Making Things Last: a circular economy strategy for Scotland

Our circular economy strategy to build a strong economy, protect our resources and support the environment.

7. Producer Responsibility for reuse and recycling

7.1 Our ambition

We believe that producer responsibility offers an opportunity to drive innovation and greater circularity for certain products - to influence product design as well as increasing reuse and recycling.

7.2 Context

At its simplest, Producer Responsibility is about ensuring that those who produce products and put them onto the market are responsible for the end of life management of their products, especially for take-back, recycling and final disposal.

There are UK-wide Producer Responsibility regimes for four materials (End of Life Vehicles, Batteries, Packaging, and Waste Electronic and Electrical Equipment). Producer responsibility is devolved to the Scottish Parliament but generally delivered by the UK Government with the agreement of the Scottish Government and the administrations of the other devolved nations.

The current regimes are overly complex and are generally opaque to consumers. Consumers have a substantial influence on how much value can be retained from a product, and so there is an opportunity to more accurately reflect the costs of disposing of an item in the price. Each regime for each product type also operates independently, resulting in duplication for business.

The 2015 EU Circular Economy package highlights the much greater role that producer responsibility could play in driving a shift to a more circular economy.

7.3 Priorities

We believe there is potential to reform producer responsibility to keep these products in higher value use, and incentivise the use of products with increased durability, with recycled content or avoiding toxic materials which limit recycling. This could include influencing the demand for secondary materials such as recycled content or material quality.

We intend to explore the concept of a single framework for producer responsibility, bringing together common elements into one flexible and transparent system, making it simpler for businesses who are involved in more than one product type and making it easier to add new products and materials to the producer responsibility regime in the future.

We intend to explore how we can improve the producer responsibility system to promote products that support a more circular economy, for example through increased durability and or with recycled content. We also intend exploring how we could direct more products into higher value use beyond recycling and into reuse and remanufacture.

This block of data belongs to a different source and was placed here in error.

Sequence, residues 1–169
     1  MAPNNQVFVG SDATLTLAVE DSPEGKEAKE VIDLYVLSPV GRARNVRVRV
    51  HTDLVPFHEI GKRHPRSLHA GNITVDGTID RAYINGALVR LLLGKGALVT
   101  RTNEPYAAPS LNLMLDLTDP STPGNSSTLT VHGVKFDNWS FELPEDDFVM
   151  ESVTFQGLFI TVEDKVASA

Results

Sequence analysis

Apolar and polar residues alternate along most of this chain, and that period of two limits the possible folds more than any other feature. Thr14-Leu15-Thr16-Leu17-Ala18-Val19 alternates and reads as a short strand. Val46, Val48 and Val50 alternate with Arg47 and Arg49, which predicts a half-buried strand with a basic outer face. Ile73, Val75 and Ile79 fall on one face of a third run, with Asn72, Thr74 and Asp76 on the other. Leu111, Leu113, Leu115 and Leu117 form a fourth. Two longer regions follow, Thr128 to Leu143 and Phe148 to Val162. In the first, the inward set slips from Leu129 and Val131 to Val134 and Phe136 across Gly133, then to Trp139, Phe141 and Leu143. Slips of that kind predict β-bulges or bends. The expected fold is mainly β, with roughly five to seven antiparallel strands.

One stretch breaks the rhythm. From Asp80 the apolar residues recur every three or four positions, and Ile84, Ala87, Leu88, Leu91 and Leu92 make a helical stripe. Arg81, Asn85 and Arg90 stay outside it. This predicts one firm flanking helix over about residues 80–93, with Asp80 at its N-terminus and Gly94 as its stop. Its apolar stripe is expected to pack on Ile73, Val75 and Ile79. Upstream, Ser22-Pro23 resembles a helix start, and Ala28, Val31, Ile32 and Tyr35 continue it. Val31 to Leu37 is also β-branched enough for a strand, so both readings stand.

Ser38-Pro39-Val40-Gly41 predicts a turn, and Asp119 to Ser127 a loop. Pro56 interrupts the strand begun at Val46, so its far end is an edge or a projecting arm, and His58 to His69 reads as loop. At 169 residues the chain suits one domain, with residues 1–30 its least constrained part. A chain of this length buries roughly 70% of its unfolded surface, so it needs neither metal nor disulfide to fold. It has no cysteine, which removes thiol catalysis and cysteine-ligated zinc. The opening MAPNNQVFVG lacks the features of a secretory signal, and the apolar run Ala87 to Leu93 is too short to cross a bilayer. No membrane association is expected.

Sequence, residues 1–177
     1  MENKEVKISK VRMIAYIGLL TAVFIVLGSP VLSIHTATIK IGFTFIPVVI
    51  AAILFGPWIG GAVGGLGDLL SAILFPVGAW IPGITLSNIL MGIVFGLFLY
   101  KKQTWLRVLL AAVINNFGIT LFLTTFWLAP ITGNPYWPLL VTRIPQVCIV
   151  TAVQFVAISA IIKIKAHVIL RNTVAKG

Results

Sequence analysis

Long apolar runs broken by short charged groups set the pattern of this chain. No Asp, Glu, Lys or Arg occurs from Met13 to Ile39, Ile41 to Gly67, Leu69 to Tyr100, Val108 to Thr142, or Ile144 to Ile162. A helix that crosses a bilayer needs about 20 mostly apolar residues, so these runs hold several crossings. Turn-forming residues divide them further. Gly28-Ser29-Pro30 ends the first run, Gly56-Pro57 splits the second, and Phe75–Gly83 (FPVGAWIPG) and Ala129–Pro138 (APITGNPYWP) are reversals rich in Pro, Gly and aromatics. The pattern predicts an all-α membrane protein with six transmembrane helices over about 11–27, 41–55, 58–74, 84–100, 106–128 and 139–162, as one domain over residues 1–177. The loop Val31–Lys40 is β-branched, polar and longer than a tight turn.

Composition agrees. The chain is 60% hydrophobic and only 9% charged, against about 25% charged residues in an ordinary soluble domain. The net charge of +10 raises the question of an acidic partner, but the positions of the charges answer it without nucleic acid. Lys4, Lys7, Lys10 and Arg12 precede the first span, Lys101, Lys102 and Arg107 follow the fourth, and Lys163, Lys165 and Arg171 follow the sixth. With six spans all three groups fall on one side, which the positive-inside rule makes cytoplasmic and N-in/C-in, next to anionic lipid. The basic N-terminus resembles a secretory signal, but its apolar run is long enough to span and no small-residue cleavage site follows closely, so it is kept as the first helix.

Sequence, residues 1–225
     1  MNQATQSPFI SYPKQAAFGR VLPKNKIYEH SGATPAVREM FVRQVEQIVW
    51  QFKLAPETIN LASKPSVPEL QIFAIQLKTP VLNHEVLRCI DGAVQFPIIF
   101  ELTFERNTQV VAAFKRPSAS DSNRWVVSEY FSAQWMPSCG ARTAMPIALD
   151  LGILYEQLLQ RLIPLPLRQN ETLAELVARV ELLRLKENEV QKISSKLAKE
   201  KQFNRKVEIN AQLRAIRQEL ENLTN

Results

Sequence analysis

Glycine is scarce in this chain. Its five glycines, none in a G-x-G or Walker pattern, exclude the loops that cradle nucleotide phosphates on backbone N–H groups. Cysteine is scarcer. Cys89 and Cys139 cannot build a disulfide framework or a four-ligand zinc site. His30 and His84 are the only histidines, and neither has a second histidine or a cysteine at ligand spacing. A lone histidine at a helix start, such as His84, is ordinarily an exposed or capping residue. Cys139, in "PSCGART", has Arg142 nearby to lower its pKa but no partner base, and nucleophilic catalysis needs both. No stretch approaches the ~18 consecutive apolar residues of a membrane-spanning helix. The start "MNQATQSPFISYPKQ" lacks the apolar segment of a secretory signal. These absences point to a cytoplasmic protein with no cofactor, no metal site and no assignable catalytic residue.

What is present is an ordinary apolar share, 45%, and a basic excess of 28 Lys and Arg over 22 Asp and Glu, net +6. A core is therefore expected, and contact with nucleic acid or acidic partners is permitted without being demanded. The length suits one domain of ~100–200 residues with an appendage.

We want to explore how we can make the costs of recycling and disposing of products more transparent to consumers to help influence their purchase choices.

We intend making tyres, furniture and mattresses subject to producer responsibility, over and above the existing products.

We intend to convene an international group of experts on producer responsibility to develop and model such a framework for debate and discussion.

We will work with the Northern Ireland Executive, Welsh Government and UK Government in exploring this approach across the UK.

Broader action in tackling issues caused by waste tyres

Waste tyres have been banned from being landfilled in Europe since then, the issue of what to do with 'waste tyres' has been a difficult one to find a solution for. The storage and treatment of waste tyres under waste management licensing exemptions had often been associated with illegal activities by businesses such as ignoring the quantity limits in the exemptions, businesses which fail because of a lack of end markets, and fire risk and simply dumping tyres.

Therefore, on 25 January 2016, Scottish Ministers introduced legislation to remove exemptions to the licensing of the storage and treatment of waste tyres. By moving more waste tyre storage sites into waste management licensing, SEPA will be able to monitor breaches of the law, including:

  • how businesses are running waste tyre storage and treatment sites;
  • making sure previously convicted waste tyre site operators stay out of the market;
  • better regulating storage of tyres;
  • reducing fire risk;
  • and ensuring that provisions are in place to cover the costs of waste tyre removal if an operator goes out of business.

Better regulation of operators, and the removal of unlicensed operators from the market, will make it easier for the Scottish Government to encourage recycling of tyres through initiatives such as producer responsibility schemes, as part of its overall policy objective of developing a more circular economy in Scotland.

Broader action in tackling issues caused by waste tyres


Back to top